A big rupture does not increase the likelihood of another one far away
Big earthquakes like the Sendai quake that devastated Japan in March don’t cause similar disasters on the other side of the globe, a new study suggests.
Like ranks of falling dominoes, tremors on the scale of the Sendai quake can trigger other earthquakes, say geophysicists at the U.S. Geological Survey in Menlo Park, Calif. But, based on analyses of about 30 years of seismic data, those shocks are all very small or sit close to the original fault break, the group reports online March 27 in Nature Geoscience.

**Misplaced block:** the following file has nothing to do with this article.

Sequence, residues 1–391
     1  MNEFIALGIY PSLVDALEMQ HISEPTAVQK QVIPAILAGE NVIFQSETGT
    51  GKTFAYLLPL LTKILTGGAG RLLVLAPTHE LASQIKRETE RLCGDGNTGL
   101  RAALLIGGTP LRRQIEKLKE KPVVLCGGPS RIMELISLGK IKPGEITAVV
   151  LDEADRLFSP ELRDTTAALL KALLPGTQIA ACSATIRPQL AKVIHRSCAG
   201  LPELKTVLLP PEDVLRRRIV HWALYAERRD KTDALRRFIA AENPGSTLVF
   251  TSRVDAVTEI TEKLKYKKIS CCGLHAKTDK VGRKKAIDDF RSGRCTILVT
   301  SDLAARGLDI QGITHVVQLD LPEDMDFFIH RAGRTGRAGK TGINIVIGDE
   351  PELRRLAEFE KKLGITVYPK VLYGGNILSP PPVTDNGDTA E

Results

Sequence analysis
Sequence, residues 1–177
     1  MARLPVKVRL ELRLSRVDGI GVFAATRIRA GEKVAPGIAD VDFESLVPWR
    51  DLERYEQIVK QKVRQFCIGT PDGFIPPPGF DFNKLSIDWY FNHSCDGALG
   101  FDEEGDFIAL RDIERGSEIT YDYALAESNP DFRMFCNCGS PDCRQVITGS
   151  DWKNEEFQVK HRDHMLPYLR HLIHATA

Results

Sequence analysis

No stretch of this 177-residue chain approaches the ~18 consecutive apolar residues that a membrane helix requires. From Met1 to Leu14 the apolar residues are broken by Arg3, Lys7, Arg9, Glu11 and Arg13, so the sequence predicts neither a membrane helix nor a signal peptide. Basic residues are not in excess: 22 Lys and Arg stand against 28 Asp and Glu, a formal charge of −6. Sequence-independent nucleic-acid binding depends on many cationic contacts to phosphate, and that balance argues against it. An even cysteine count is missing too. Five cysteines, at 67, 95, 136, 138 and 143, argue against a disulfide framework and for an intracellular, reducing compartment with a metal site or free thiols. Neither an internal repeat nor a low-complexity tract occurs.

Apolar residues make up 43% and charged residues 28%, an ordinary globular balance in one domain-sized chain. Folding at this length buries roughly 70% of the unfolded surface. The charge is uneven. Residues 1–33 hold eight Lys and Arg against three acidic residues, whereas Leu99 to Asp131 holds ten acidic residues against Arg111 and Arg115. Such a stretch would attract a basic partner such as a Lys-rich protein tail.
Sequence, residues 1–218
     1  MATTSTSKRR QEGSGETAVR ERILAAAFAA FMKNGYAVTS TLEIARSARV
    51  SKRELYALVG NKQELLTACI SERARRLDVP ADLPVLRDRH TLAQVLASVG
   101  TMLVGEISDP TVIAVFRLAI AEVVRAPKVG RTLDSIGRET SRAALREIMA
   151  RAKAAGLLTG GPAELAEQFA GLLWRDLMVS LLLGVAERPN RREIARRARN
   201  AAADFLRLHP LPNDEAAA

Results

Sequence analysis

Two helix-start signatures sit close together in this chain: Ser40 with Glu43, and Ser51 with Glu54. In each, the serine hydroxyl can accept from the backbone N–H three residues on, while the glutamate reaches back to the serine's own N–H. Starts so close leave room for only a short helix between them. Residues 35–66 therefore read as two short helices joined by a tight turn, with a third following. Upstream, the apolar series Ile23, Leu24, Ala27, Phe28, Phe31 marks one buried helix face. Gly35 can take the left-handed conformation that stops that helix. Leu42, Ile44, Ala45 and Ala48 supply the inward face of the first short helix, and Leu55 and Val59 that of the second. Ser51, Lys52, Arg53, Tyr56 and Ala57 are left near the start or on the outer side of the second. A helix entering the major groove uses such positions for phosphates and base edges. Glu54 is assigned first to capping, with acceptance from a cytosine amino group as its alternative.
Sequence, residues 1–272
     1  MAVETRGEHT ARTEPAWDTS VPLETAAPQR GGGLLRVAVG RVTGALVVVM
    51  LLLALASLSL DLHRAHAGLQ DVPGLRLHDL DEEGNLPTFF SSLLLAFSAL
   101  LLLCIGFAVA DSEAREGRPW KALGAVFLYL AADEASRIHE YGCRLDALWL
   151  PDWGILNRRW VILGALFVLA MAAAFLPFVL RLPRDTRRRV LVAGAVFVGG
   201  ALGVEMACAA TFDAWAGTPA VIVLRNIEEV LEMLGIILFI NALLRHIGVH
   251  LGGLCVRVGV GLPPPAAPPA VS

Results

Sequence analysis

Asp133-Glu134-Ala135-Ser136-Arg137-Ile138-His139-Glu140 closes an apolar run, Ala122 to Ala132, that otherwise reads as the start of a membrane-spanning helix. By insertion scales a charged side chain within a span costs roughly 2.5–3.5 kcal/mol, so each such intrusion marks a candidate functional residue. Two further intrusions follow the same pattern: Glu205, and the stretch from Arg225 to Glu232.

“If California is ready to go, it’s because California is ready to go,” says Jian Lin, a geophysicist at the Woods Hole Oceanographic Institute in Massachusetts. “Not because an earthquake in California would be triggered by Japan.”
There was previously some room for doubt, says study coauthor Tom Parsons. Fault lines aren’t islands. Like tossing a rock into a pond, breaking chunks of earth send out wav